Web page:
Crowd treated to a thrilling experience at Augusta as Woods wins his fifth Masters

Tiger Woods reacts as he wins the Masters by one stroke on Sunday in Augusta.
Tiger Woods reacts as he wins the Masters by one stroke on Sunday in Augusta. AP

The Sunday we spent at Augusta was less about seeing the action and more about hearing the roars.

For the first time since 2005, Tiger Woods is back in a green jacket and standing as the Masters champion for the fifth time in his career.

It is his 15th major championship and the first since he won the U.S. Open on a broken leg at Torrey Pines in 2008. The journey to the 15th has been a long road for Woods, and many thought he would never get back here, especially not in this fashion.

“I had serious doubts after what transpired a couple years ago. I could barely walk. I couldn’t sit. Couldn’t lay down. I really couldn’t do much of anything,” Woods said. “To have the opportunity to come back like this, you know, it is probably one of the biggest wins I’ve ever had for sure because of it.”

Woods had never won any of his previous 14 majors when trailing heading into the final round. He did on Sunday in Augusta.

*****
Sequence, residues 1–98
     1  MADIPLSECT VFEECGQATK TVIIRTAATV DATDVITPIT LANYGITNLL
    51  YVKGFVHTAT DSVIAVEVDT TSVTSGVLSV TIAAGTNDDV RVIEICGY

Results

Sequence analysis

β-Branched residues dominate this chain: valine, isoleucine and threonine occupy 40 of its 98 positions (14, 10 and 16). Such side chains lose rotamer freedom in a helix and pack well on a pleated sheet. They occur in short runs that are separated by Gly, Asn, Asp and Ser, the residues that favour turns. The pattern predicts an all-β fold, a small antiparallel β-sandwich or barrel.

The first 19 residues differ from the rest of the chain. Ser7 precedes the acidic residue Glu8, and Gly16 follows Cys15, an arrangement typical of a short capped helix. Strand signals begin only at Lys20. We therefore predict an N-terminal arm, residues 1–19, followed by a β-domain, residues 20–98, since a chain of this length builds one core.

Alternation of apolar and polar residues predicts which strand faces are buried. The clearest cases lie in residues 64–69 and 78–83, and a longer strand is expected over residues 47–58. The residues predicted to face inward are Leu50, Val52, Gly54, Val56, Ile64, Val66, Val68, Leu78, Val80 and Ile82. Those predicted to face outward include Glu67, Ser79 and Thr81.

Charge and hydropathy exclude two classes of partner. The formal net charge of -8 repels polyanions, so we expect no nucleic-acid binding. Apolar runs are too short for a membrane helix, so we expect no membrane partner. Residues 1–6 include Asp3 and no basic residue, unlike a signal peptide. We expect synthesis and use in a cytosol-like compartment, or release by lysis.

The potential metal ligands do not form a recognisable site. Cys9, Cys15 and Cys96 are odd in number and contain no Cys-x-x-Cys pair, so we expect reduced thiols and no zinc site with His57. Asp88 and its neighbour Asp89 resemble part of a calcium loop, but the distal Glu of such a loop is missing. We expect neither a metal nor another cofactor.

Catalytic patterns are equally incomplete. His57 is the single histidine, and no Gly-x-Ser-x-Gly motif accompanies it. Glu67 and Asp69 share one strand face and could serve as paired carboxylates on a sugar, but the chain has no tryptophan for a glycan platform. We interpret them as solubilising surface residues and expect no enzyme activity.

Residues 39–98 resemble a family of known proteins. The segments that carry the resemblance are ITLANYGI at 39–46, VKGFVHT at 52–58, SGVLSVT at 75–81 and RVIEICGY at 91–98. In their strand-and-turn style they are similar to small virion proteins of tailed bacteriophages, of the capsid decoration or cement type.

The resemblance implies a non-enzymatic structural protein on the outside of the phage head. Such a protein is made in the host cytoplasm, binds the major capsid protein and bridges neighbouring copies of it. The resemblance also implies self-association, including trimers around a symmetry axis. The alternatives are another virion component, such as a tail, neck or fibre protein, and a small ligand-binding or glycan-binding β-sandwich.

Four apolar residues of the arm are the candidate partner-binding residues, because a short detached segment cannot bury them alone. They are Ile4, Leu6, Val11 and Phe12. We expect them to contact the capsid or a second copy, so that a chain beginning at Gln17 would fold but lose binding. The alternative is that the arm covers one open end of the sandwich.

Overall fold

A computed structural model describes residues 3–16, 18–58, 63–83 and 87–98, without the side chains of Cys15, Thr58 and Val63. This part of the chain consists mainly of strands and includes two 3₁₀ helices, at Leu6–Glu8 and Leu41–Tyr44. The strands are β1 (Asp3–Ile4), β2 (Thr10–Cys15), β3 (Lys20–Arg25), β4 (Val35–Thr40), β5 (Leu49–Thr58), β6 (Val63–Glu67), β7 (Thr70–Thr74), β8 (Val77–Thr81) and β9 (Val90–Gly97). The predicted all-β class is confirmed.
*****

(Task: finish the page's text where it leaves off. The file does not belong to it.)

And it was thrilling to witness.

“It’s ironic that I’m given a chance to play golf again,” Woods said. “And lo and behold, I won a tournament coming from behind, which I had not done for the first 14. So it’s just amazing.”

The day started earlier than expected as severe weather was expected in the area. Woods was in the final group alongside the leader Franciso Molinari, who sat at -13 after the third round, and Tony Finau who was tied with Woods at -11.

At the fourth hole, we couldn’t see much of what was going on but could hear the groan from the crowd as Woods dropped back a shot after failing to reach the green on the par 3.

At the fifth hole, once again it was a groan from the crowd as Woods made bogey on the hole for the fourth straight day.

It looked as though Molinari, with pars on the first six holes, would out-duel Woods for another major just as he did last year at British Open in Carnoustie, Scotland.

The crowd seemed a bit deflated. We walked from the sixth hole to the 13th to sit in the grandstands and watch as the leaders tried to navigate the last hole of Amen Corner. And we listened.

The first roar came across the course at the seventh hole. Moments later the leaderboard changed to show Woods had made birdie and Molinari had made bogey. Suddenly, the lead had fallen to just one.

When the card showing the scores flipped into place the grandstands at 13 erupted. It showcased the two types of roars at Augusta on Sunday, the ones at the hole Woods was on, and the collective one around the course when the leaderboard was updated. Molinari and Woods each birdied the eighth hole.

The person updating the scoreboard by hand where we sat at 13 clearly enjoyed adding suspense to the situation as he changed Molinari to -13, which caused a groan from the grandstands. Moments later, the card revealed Woods was at -12, causing yet another roar from around the course.

At a few of the holes, Woods said he thought back to some advice his late dad Earl had given him.